Charles Darwin Reserve (then White Wells Station) was purchased by Bush Heritage in 2005 with the primary objective of protecting some of the last expanses of woodland that had been systematically cleared from the Western Australian wheatbelt. The Reserve is bounded by other former pastoral stations that collectively encompass the largest surviving swathe of wheatbelt vegetation, sandwiched between the grossly over-cleared agricultural zone and the rangelands with their legacy of misuse from overstocking. Collectively the 'Conservation Stations' were miraculously saved from the plough on several occasions by changing circumstance and bureaucratic inertia.
To get your bearings on the Conservation Stations one looks for Mount Singleton, a prominent dolerite outcrop that is the highest feature for hundreds of kilometres. It sits at the apex of two (arguably 3) major bioregions straddling the mulga-eucalypt line.
The cultural significance of the region
Mount Singleton is a maternal echidna in a creation myth, known as Ninghan amongst the Noongar people of the South West region and Gundawa by the Yamatji language groups of central western Australia. The songline and its sacred places, including a nearby granite outcrop called Warrdargga, is also sung by desert (Wongi) people living far to east. At Gundawa Noongar people traded Balga Gum (a useful glue) from the south-western bioregions for ochre provided by Badimia from the arid Murchison.
A meeting place for aboriginal cultures
As aboriginal cultures evolve in response to ecological resources it is hardly surprisingly that language groups correlate well with the scientific concepts of bioregions. Around Gundawa a biota representative of the south-western Western Australian biodiversity hotspot meets that of the arid shrublands that occupy much of central Australia. The vegetation types characteristic of both systems are interspersed at the boundary by soil changes, placing populations of south-west and arid zone plants and animals in close proximity. Frontiers like this are the ideal locations to test predicted responses of plants and animals to anticipated climate changes, such as the rising minimum temperatures, the seasonal distribution in rainfall and extreme drought or storm events.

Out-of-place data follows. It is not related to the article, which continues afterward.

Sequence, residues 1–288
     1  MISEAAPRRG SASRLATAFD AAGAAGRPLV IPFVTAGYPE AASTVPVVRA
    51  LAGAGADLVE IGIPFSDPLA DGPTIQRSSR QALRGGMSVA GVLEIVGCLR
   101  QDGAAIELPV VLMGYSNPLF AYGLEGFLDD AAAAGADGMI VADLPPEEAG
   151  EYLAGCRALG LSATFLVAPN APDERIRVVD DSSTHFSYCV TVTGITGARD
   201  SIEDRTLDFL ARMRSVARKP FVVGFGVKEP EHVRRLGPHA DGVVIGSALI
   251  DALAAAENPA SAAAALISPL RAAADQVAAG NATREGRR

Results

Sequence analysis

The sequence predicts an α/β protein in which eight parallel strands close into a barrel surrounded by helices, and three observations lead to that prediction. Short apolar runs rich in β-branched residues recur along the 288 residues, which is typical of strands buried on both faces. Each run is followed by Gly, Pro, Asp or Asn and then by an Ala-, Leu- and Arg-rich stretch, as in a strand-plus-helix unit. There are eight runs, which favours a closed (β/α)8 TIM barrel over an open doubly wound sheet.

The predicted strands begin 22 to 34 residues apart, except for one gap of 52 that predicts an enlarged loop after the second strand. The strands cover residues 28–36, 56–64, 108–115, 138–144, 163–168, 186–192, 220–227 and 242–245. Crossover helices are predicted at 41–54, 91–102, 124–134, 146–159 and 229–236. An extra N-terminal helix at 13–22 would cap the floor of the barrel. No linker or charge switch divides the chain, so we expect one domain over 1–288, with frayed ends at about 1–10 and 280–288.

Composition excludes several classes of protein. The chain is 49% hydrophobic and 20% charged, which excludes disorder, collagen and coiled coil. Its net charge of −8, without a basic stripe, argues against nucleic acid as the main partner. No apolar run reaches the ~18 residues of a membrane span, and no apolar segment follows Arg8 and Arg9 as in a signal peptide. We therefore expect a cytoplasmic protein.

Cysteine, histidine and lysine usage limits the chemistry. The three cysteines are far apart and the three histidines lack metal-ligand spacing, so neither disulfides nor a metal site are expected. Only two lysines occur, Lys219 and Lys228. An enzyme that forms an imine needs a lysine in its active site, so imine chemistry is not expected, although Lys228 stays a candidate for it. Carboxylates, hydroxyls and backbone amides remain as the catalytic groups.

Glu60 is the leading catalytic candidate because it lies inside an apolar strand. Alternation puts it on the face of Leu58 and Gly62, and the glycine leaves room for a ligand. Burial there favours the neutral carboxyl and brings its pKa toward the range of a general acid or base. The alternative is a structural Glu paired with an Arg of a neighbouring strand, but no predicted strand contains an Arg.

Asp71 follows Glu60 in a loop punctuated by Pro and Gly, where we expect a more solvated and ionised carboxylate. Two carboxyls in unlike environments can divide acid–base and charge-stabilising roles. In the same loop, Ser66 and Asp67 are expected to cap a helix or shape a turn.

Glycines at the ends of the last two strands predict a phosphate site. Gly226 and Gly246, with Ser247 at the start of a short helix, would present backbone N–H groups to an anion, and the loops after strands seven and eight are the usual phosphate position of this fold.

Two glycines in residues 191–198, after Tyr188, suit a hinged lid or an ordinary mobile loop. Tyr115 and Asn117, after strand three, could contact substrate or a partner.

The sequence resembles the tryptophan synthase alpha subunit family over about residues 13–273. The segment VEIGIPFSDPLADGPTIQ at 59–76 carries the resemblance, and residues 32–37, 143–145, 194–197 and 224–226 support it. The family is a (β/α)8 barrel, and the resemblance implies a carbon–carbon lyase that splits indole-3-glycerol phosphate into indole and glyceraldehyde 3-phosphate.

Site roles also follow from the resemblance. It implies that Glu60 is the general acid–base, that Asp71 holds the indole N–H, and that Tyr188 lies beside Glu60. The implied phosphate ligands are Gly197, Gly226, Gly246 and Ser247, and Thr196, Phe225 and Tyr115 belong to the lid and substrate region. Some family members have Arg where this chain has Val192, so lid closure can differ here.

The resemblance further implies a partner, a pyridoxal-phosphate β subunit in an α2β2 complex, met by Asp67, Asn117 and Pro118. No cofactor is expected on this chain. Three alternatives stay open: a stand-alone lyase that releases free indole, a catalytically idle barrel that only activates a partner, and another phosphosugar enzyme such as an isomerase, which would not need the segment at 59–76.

Charles Darwin Reserve - an optimal location for terrestrial climate change ecology
Charles Darwin Reserve was optimally located to establish a long-term citizen-science program to investigate terrestrial climate change ecology. It also had a number of other prerequisites for a project of this type. The land was under conservation management protecting the study area from impacts other than climate change (except mineral exploration and mining). It also had accommodation and other infrastructure allowing teams of budding ecologists to hang out for extended periods at low cost. Institutional scientists have also been attracted to conduct research on the Reserve for similar reasons, including the WA Museum and Edith Cowan and Murdoch Universities. So the meeting place has increasingly become a focus for the scientific community.
The Conservation Council of West Australia's Citizen Science program
The Conservation Council Citizen Science Program started preliminary fauna survey work on Charles Darwin Reserve in 2006 with the objective of selecting the biological indicators that would be tracked in the long-term. The Charles Darwin Climate Change Observatory became operational in 2008 with the commissioning of our central automatic meteorological station and the initial sampling of 10 ecological indicators. These indicators included vegetation at some BHA monitoring sites, ant species and communities, bat species and communities and small mammals (Dunnarts).
2016 an amazing year for rainfall
The years that followed were mostly droughts and difficult times for the Reserve's plants and animals. The current year (2016) has been the first to exceed long-term average rainfalls so we keenly await the response. In 2015 the indicators we used were evaluated and a remote sensing investigation was carried out to try and identify habitat patches where productivity persisted during the drought periods (funded by the Gundawa Conservation Association). This information is being used to restructure some of our sampling to include some of these 'putative refugia' to get a better understanding of how some animal populations manage to persist in the landscape. Some bird species and bird community indicators are now being added to the monitoring program (with respect to refugia sampling). The Hay Paddock at the homestead is a classic 'old field' experiment on the edge of the wheatbelt. That area is now being observed as a potential model of what nature will do on abandoned farmland on the edge of the wheatbelt in a changing climate.
Over 70 citizen-scientists have participated in the Observatory Program over the years, with a hard core group of recidivists. We will gather again at the meeting place for the spring sampling very soon.
Dr Nic Dunlop
Citizen Science Coordinator
Conservation Council (WA)